I spent a wonderful weekend in Liverpool, at the UK’s largest African musical festival, Africa Oyé. This year wasn’t just about soaking up the good music and good vibes (although there was still plenty of that) as I was helping out at the Creativity and Noise + Merkato stall.
It was great to get out of the big city – I love train journeys, exploring new places and taking a breather from the hecticness of London.
I have enormous respect for entrepreneurs who regularly set up at markets and events. It's demanding work!
This is Laura Marano, the lady behind Merkato (fairly traded homeware and fashion accessories). You may remember her from a popular Afri-love interview where she talked about her other venture, Green-Safari.
Laura and Lusungu Chikamata of Creativity and Noise. All set up and ready to trade!
It was exciting to launch the new Creativity and Noise t-shirts and tote bags, designed by yours truly and hand screenprinted by Lusungu.
Beautiful wares from Merkato. Most made in the Taita-Taveta district of Kenya, where my Dad is from.
Lusungu representing in his new 'Beat It' t-shirt. Look for it on the Creativity and Noise shop.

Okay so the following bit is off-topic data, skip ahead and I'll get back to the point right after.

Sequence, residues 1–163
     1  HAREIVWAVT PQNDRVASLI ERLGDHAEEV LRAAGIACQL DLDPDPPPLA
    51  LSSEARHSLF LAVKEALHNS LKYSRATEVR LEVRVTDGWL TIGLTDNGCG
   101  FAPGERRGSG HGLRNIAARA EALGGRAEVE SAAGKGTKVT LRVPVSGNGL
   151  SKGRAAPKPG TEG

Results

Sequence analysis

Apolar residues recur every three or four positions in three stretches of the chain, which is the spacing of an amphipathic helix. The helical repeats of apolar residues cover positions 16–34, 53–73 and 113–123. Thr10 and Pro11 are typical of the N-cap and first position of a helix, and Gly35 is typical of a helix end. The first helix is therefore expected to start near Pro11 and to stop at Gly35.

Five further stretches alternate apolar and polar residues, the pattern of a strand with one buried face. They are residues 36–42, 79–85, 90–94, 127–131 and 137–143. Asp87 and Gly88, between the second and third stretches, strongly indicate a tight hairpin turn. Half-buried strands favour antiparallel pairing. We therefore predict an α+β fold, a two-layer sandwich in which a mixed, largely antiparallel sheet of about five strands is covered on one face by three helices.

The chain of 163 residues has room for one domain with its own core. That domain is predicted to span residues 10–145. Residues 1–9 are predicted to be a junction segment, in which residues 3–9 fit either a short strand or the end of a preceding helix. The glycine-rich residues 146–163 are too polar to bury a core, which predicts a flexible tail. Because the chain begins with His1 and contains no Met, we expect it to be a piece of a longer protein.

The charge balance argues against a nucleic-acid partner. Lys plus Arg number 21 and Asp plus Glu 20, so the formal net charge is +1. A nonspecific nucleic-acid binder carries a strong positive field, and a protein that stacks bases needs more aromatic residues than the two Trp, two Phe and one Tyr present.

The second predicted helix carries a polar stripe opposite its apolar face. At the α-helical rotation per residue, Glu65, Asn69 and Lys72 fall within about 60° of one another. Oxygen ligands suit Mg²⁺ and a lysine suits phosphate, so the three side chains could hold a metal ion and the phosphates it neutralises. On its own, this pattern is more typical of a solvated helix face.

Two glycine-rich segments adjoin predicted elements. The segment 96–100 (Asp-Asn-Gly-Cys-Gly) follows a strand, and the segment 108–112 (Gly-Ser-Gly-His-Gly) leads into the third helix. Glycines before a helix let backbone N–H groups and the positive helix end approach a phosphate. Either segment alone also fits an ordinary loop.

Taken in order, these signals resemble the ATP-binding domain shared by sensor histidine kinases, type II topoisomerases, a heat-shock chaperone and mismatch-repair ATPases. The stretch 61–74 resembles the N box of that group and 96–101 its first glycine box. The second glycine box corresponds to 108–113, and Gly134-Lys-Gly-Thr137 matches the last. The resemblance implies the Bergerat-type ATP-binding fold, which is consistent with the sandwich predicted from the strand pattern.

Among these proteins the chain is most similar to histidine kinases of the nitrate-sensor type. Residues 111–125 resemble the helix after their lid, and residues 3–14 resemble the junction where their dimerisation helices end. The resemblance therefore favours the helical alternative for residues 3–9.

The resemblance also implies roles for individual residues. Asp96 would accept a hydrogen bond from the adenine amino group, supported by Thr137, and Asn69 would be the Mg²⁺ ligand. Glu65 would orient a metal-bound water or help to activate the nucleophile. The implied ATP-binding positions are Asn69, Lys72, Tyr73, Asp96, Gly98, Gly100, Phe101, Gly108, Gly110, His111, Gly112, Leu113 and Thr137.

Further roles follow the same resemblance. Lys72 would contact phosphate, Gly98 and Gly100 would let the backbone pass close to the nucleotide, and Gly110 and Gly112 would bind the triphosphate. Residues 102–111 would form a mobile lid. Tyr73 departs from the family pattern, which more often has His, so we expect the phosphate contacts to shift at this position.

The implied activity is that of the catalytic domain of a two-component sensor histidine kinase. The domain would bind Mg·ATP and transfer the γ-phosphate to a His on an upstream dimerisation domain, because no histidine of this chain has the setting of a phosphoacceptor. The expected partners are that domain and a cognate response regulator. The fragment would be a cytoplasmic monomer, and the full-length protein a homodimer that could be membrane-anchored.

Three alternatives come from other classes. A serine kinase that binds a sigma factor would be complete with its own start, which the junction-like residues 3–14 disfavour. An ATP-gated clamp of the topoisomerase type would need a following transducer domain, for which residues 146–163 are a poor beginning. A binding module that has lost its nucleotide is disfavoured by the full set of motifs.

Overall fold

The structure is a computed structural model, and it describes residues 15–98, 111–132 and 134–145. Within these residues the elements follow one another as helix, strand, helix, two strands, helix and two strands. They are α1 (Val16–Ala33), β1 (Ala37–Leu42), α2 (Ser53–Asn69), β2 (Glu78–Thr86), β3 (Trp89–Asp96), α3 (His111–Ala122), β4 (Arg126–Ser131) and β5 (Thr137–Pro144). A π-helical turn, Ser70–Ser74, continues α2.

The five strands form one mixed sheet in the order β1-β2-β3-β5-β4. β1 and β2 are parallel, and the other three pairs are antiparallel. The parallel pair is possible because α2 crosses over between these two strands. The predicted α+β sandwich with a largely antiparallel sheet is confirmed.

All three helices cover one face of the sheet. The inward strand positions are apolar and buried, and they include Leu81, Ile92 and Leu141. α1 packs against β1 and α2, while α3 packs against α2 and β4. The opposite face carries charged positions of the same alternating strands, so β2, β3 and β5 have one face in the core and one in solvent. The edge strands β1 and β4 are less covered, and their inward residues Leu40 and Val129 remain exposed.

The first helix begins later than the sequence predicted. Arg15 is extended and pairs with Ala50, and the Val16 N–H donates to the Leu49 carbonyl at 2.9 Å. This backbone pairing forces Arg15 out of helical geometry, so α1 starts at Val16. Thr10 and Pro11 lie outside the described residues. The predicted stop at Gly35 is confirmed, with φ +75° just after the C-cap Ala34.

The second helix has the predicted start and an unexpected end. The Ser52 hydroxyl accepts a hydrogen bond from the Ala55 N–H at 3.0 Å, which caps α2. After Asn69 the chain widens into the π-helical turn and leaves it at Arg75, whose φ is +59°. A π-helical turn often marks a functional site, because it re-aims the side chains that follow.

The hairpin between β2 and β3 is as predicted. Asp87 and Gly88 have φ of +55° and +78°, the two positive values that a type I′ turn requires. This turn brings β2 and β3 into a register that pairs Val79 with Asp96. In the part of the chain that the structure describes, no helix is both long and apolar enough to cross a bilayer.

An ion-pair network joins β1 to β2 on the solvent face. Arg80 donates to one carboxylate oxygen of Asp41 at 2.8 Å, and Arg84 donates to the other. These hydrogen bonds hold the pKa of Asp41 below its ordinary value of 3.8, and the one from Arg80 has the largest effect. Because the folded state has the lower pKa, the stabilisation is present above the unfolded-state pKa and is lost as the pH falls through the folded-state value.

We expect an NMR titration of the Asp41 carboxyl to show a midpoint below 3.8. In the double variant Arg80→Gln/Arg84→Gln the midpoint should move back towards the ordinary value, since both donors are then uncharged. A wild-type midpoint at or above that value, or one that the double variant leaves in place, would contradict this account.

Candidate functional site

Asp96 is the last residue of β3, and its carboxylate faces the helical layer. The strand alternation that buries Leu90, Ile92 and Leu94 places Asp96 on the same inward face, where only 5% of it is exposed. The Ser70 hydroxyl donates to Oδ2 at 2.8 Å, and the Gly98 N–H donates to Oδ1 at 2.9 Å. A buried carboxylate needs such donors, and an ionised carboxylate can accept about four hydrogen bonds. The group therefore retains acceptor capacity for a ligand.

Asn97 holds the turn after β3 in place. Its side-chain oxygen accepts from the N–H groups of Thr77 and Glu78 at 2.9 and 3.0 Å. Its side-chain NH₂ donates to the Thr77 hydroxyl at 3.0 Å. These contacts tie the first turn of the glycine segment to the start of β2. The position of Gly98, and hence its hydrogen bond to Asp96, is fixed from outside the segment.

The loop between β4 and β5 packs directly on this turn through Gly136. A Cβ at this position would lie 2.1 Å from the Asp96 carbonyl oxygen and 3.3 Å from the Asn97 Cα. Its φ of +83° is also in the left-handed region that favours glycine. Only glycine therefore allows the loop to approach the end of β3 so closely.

Knit iPhone cases from Merkato.
It was a visual treat checking out what the other vendors had to offer, such as these guords. Right: a Taita basket from Merkato (and the lady who made it!).
I met some fellow Kenyans, Muigai and Anto, who were selling these beaded bangles that had me feeling all patriotic. Kenya and Tanzania represented – perfect!
A wonderful array of colours at Dry Rain, a stall selling Moroccan wares including these leather slippers.
Our neighbouring stall had a massive collection of baskets and other woven goods including these coasters, bangles …
… and mats/rugs.
A funky zebra-print van belonging to a food stall selling all kinds of African game meat, including my beloved crocodile!
Butterfly fridge magnets made from recycled/upcycled flip-flops. From Merkato.
Of course, there was time for dancing.
Me with the Zambians, all representing with our Creativity and Noise tees.
It almost always rains at some point during the Africa Oyé weekend. This year, it didn't! Blue skies and sunshine throughout. What a bonus?!
All geared up and ready for day 2 of the festival.
As usual, the whole experience was a welcome and wonderful assault on the senses.
One of the things I love about Africa Oyé is that there’s no heavy-handed policing. The police and security presence at this festival is surprisingly minimal – you barely notice them. No gates to walk through where every inch of you is checked, no wall of policemen to intimidate. It just goes to show that if you treat people like human beings, they will act like human beings!
At some point on the Sunday, I found myself feeling a little bit teary. I know this is going to sound corny but, I was overwhelmed by just how beautiful the moment was. All kinds of people – ages, races, abilities; all kinds of random acts of kindness going on; people talking to strangers … real, tangible joy!
See you there next year!